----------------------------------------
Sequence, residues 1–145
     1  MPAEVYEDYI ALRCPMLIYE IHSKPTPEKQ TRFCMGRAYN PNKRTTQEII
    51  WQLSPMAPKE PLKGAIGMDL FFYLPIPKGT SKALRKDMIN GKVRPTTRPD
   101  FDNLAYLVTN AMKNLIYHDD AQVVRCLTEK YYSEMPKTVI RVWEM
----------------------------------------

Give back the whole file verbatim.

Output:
Sequence, residues 1–145
     1  MPAEVYEDYI ALRCPMLIYE IHSKPTPEKQ TRFCMGRAYN PNKRTTQEII
    51  WQLSPMAPKE PLKGAIGMDL FFYLPIPKGT SKALRKDMIN GKVRPTTRPD
   101  FDNLAYLVTN AMKNLIYHDD AQVVRCLTEK YYSEMPKTVI RVWEM